Here podium is erected on beach
And there will be yoga and dance
When the sea will rise from sleep
And sky turns full gold and cloud.
Upon podium will be yoga dance
Till the sun reaches rightful blaze.
Mine will be a journey to memory
Like a dance to a repetitive song.
In memory’s walls we utter words
Over rice balls smoothly rounded.
The dead will rise over our words
With smoothly rounded rice balls.
Next there is a crow cawing.
Dawn is next thing to sleep,
With a crow’s call to the sea
That rolls in waves of next.
The sea has next in the sky
That is next only to the sun
And a boat next to nothing.
Boat has men’s silhouettes
Next to a blinding new sun
That is next only to a night.
We are the day’s creatures
Our bodies next to nothing.
You may use an ampersand literally,
As a special character in password.
In our script it is the bluest of a sea,
With a broad shine stacked upon it
And crows that begin another day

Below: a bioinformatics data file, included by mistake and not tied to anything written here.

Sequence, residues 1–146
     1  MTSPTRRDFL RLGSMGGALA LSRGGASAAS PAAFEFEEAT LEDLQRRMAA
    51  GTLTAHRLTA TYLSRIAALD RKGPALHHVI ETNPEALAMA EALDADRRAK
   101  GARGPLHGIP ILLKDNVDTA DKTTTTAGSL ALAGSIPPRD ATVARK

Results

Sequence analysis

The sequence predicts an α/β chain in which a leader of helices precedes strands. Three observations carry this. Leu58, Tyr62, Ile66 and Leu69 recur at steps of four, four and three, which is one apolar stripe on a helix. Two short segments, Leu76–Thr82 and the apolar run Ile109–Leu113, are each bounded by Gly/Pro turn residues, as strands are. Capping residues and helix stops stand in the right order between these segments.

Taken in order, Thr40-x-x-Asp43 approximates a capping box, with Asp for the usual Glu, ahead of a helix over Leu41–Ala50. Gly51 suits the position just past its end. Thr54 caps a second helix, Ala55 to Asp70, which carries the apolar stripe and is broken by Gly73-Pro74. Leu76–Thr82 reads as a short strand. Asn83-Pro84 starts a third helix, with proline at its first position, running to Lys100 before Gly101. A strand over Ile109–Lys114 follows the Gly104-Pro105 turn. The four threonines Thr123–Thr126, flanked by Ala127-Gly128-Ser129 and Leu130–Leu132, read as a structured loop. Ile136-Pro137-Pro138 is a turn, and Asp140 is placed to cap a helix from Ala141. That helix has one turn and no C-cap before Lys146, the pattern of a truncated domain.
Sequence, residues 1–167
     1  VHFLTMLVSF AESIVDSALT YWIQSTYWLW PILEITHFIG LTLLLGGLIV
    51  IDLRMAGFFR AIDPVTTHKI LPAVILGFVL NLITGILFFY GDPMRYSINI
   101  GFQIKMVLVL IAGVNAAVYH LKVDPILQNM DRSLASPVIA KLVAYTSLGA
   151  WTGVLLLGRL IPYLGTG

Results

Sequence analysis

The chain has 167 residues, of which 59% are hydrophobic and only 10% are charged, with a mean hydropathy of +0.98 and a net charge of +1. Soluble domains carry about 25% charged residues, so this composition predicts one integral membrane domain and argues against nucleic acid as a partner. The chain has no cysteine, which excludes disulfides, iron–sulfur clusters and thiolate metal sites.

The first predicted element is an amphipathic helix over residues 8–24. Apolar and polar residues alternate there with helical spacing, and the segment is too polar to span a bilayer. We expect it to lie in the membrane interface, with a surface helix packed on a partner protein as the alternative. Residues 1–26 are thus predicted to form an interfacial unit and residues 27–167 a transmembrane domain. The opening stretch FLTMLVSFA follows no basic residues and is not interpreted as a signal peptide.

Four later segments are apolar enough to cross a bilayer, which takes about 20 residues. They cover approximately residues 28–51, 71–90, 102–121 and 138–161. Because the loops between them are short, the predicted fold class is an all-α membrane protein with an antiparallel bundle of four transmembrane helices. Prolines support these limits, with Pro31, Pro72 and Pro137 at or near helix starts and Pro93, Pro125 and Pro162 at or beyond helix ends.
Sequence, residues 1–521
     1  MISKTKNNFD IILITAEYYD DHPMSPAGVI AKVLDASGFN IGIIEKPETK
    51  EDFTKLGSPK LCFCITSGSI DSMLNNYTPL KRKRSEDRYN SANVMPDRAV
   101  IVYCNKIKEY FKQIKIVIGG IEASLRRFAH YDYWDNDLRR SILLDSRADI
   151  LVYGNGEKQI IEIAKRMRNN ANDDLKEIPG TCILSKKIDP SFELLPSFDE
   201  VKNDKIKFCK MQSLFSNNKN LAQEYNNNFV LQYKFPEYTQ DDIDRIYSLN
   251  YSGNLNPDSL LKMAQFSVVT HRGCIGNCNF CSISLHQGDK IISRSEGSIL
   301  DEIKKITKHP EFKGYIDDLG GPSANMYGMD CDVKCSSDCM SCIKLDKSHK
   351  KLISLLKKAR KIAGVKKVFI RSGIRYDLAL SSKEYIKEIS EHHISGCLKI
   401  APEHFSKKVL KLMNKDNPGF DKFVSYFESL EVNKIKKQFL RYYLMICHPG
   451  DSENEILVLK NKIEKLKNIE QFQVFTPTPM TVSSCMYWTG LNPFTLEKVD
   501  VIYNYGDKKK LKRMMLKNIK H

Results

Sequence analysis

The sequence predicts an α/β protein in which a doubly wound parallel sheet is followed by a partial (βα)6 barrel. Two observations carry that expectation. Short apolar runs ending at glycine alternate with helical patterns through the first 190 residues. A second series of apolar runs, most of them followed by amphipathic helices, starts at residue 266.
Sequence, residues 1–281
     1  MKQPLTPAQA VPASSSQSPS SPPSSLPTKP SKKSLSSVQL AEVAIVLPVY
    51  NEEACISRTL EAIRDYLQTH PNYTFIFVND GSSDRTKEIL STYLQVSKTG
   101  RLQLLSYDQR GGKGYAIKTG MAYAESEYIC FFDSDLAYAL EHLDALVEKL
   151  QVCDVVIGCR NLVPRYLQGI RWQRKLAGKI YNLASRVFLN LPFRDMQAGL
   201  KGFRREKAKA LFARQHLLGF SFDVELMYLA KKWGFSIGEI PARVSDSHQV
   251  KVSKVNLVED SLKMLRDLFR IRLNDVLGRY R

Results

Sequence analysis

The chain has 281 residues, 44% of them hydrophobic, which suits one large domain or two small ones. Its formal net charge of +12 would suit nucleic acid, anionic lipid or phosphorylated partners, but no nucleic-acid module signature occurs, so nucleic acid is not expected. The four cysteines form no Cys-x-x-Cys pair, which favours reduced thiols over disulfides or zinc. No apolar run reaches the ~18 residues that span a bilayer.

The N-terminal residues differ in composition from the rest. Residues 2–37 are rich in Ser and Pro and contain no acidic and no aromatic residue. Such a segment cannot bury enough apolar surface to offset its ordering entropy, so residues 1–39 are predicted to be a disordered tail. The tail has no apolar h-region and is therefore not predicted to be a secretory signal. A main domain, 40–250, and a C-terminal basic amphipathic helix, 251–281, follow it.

With the recurring question marks
(Those creep in before ampersand
Is cleverly added from indecision.)
It is comfort to end the line with it,
Before the finality of a parenthesis.
Old men see camel’s high neck in sky
The way it moves its jaws at the stars.
Stars are at the end of the high neck
Situated in their luminous night sky.
Desert is their breathless milky way.
Old men defend the right to be mad
When they see the young men dead
And pretend comedy on high neck.
(reading W.B.Yeats’ poem “why should not old men be mad?)
The sky is filled with pot-holes.
I saw loved ones disappearing.
We have this humor all around.
And I am as yet fully appeared.
I shall enjoy humor on the side
Before I disappear in a pothole.
The poets loved poems in forest
When all you heard is the voices
Under old trees that went kaput
And new trees swept an old sky
But a sky remembers the poems
Drops them down like murmurs
For the other poems to imagine
To recognize voices of the dead.
(remembering the wonderful poet Tom Clark who died a few days ago)
Her poems were incomplete,
One image hopping to other.
But she meant a lot by fever
Of which she died, inchoate.
Her life was just a fragment
From a whole of her poetry.
You reader ,likely complete,
Makes her fragments whole.
Remembering the brilliant poetry of poet Joan Murray (1917-1942)